If you're interested in a career as a flavor chemist but attending a school that doesn't have a food science department, does that mean you're at a disadvantage? "Not necessarily," says Robert C. Lindsay, professor of food science at the University of Wisconsin, Madison, "because chemistry underpins it all. It's hard to do anything in food science without using the language of chemistry."
Lindsay believes food science is a reasonably good survey of applied chemistry, because chemistry is viewed as one of the major three components of food science, along with microbiology and engineering. If there is no food science department on campus, Lindsay recommends that chemistry students develop a solid chemistry background while also being aware of the value of biochemistry and biology courses. The latter will give the student the tools to move into food science.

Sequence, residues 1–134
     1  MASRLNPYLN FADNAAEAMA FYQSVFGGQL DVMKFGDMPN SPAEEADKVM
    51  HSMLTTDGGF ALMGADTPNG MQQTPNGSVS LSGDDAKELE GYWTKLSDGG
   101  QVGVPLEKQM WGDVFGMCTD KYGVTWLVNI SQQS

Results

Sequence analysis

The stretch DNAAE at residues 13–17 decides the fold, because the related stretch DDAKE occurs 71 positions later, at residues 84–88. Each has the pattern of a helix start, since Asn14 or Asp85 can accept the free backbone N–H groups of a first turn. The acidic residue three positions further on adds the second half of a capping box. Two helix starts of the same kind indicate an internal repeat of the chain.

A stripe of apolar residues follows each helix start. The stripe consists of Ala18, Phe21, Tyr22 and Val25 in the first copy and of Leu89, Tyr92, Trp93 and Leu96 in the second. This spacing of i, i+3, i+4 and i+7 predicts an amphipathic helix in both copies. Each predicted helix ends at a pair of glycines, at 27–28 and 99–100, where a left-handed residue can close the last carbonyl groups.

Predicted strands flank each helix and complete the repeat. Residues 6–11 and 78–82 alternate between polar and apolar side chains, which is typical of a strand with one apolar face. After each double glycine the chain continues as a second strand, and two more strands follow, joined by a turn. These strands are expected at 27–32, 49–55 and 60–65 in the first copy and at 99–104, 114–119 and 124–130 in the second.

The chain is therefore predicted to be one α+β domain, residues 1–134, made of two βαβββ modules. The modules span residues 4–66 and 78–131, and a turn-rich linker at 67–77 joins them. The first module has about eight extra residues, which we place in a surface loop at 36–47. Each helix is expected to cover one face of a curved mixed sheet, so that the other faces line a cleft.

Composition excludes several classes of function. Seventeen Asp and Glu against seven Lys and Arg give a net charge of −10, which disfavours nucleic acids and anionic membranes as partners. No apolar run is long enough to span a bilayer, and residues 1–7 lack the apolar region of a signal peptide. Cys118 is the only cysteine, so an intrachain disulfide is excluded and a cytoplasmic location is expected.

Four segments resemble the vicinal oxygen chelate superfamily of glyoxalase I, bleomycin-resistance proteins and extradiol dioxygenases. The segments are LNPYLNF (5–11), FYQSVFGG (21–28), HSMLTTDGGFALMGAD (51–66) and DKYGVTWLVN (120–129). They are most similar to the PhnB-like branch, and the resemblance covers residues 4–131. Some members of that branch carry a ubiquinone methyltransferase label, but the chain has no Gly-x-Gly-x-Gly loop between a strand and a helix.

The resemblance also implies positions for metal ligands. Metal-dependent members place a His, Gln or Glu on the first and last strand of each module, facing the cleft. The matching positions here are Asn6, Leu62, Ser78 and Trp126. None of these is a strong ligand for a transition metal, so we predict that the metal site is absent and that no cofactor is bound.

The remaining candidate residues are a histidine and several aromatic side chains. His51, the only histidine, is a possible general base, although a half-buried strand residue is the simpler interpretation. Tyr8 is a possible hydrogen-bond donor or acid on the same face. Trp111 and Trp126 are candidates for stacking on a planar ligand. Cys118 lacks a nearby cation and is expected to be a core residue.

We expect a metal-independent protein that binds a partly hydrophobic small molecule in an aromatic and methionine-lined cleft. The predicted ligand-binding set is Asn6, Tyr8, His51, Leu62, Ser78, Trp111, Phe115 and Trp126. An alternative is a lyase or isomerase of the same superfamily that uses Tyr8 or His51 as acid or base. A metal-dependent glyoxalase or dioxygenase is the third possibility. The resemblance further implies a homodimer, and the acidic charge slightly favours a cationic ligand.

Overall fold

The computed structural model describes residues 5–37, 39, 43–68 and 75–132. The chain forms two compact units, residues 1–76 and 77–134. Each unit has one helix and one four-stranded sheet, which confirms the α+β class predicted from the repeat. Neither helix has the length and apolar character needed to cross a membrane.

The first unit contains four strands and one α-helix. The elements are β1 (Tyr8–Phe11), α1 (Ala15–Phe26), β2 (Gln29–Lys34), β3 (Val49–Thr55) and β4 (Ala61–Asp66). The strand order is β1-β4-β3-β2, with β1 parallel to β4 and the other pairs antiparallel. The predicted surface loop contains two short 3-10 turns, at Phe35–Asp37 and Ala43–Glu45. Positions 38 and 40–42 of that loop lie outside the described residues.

"A notable percentage of M.S. and some Ph.D. students are from colleges and universities that don't have a food science department," he says. "Food science departments love to get chemistry majors as graduate students because they already have expressed an interest and ability that is useful in the food science studies."
The Institute of Food Technologists has a list of schools with approved undergraduate food science programs, including the Universities of Iowa, Michigan, Minnesota, and Wisconsin, as well as Cornell University; Rutgers University; and the University of California, Davis.
The Society of Flavor Chemists has strict requirements for membership that are specified in its bylaws. To be admitted as an apprentice member, a candidate must first complete a minimum of five years of training under the direct supervision of a certified flavorist. Then he or she is interviewed, which includes an assessment of knowledge and skills. After two more years, apprentice members may apply to be reinterviewed and retested to become certified flavorists.